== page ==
March 5, 1845: Mexican Forces Massacre Defenders At The Alamo
In 1836 Mexican President Lopez de Santa Anna decides the time has come to take back territory in the state of Coahuila y Tejas then occupied by Americans who cast themselves as “Texians.” His campaign begins with a brutal massacre of some 285 of their settlers garrisoned at the Alamo Mission in the town of San Antonio de Bexar. It then spins out of control, leading gradually but inexorably to the 1846 war between Mexico and America.
The Americans first appear on the land in 1819 after the government of Spain issues an “empressario grant” to one Moses Austin, a St. Louis businessman, who intends to create an Anglo colony to facilitate free trading between the two nations. But after Moses dies in 1821 and Mexico wins its independence from Spain, the grant passes to Moses’s son, Stephen Austin.
From there the population of Texians grows to 38,000 as of 1836, along with 5,000 slaves imported to grow cotton and sugar, the economic lifeblood of the settlers. While slavery is officially banned in the Mexican Constitution, the Texians try to circumvent the law by titling the blacks “indentured servants.”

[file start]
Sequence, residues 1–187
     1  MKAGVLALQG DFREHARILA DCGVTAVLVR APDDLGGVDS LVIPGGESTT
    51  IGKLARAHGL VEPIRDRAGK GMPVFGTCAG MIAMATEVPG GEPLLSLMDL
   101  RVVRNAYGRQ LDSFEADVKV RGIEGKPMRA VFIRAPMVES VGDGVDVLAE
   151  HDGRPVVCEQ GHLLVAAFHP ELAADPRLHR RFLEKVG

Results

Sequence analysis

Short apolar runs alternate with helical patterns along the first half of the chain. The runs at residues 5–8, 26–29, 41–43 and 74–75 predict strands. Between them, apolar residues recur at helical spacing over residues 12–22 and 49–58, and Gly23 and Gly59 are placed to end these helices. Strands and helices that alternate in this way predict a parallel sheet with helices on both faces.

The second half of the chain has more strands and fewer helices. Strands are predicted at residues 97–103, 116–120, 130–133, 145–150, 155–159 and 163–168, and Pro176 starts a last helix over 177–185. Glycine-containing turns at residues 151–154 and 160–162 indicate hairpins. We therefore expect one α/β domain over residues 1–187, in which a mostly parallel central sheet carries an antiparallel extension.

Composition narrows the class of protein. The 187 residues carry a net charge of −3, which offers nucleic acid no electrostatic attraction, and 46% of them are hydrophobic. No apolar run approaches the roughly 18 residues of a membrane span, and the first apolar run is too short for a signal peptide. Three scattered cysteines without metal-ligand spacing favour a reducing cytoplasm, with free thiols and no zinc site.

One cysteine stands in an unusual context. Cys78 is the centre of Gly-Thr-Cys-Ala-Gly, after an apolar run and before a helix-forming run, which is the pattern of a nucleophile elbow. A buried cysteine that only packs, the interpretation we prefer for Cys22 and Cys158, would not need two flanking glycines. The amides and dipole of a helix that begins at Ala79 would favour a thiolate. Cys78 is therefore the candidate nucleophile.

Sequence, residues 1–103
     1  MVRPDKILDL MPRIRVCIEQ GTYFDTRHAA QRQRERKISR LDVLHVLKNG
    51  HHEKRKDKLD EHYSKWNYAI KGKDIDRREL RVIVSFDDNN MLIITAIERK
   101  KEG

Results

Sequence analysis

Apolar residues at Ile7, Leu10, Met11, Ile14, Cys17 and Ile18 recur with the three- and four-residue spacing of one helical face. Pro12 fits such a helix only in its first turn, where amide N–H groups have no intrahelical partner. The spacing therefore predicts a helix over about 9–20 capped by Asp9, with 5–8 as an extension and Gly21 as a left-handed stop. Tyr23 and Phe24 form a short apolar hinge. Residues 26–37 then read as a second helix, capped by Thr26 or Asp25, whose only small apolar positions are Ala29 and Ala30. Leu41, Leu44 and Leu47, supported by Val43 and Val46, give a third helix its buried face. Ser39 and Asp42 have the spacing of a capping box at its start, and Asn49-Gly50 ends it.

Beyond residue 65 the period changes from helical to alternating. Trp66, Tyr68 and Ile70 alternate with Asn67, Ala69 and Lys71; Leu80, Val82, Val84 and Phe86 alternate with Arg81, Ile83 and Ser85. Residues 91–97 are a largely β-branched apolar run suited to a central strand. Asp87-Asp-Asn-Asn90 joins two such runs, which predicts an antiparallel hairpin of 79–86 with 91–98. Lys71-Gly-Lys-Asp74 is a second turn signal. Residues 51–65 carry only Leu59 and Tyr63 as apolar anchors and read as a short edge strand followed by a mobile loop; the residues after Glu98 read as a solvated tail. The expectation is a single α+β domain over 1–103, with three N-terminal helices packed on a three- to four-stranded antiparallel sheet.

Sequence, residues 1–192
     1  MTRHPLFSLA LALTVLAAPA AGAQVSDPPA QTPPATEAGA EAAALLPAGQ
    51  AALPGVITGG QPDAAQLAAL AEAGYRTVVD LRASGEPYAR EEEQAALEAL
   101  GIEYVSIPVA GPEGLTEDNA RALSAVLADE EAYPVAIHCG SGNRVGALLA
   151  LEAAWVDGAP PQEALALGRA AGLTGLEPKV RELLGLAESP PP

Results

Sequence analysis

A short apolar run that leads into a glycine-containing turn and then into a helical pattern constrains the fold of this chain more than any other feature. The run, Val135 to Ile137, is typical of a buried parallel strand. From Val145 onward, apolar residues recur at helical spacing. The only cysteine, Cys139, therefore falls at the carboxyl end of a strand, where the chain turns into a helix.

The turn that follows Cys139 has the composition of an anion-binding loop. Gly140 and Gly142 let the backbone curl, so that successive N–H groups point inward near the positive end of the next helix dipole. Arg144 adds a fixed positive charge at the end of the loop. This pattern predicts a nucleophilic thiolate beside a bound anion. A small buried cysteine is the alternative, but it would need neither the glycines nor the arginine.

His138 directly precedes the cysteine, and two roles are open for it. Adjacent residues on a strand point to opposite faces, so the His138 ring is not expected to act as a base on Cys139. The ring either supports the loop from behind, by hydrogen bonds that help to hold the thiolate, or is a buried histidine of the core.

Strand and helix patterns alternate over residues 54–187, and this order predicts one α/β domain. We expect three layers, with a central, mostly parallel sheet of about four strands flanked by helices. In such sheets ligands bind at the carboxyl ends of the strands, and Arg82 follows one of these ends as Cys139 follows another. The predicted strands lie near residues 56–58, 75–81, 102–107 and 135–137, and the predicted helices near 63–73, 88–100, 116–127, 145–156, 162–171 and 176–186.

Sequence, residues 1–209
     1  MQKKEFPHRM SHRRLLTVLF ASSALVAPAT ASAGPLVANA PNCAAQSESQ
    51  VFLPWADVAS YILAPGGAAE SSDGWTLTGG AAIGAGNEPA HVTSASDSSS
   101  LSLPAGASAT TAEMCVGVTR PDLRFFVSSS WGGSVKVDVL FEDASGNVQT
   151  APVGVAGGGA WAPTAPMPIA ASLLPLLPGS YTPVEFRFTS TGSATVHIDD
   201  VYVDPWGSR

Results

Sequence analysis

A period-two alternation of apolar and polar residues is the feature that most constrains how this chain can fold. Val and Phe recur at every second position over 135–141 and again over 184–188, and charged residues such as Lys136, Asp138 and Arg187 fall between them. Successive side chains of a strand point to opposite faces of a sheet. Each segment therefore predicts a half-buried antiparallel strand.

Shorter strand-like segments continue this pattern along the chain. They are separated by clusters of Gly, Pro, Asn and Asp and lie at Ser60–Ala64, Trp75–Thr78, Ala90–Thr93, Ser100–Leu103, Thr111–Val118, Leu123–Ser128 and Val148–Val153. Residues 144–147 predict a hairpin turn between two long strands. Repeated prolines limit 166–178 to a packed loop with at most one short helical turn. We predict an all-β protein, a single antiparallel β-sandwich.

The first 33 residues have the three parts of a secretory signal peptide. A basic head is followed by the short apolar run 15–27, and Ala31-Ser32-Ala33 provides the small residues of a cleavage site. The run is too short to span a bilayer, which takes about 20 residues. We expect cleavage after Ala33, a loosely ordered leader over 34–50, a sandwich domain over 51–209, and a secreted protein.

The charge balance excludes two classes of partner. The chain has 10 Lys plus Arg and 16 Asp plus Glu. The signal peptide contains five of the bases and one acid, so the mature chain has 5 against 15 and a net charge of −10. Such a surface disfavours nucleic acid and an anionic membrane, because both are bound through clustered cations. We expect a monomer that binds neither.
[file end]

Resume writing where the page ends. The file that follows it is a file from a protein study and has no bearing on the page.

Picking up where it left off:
Fearing that control over the state of Tejas is slipping away, Santa Anna assembles an army to drive the Americans off the land. His initial focus lies on taking back two fortified missions, one at The Alamo in San Antonio de Bexar, the other at Goliad, some 87 miles to the southeast.
The Alamo mission is in poor shape to defend itself. Structurally it is designed to hold off bands of Indians, not an army of 1800 troops, armed with cannons. Conditions are so bad in fact that, in mid-January, Commander Sam Houston sends Jim Bowie to retrieve all artillery and abandon the site. But lacking the needed draft animals for transport, Bowie and Lt. Colonel William Travis decide to try to hold out. They request reinforcements, and a few arrive, including ex-US Congressman, Davey Crockett. These bring his total troop count to roughly 285 men.
On March 5 Santa Anna surrounds the mission, hauls up a red flag signaling that he intends to take no prisoners, and launches his attack at 5:30am. The battle lasts for roughly one hour, with the Texians falling back from their outer walls into final defensive positions around the central barracks and church. But they are desperately outnumbered and finally succumb. The Mexicans then execute the remaining wounded before stacking and burning all of the bodies.
Three weeks later the scenario is repeated when another 300 Americans surrender at the town of Victoria before being marched back to the Goliad Mission before being executed by firing squads in the town square.
Ironically, Santa Anna’s triumphs quickly backfire on him as the remaining Texians regroup behind Sam Houston, defeat the Mexican army on April 21, 1836, at the Battle of San Jacinto, and declare their status as the Republic of Texas.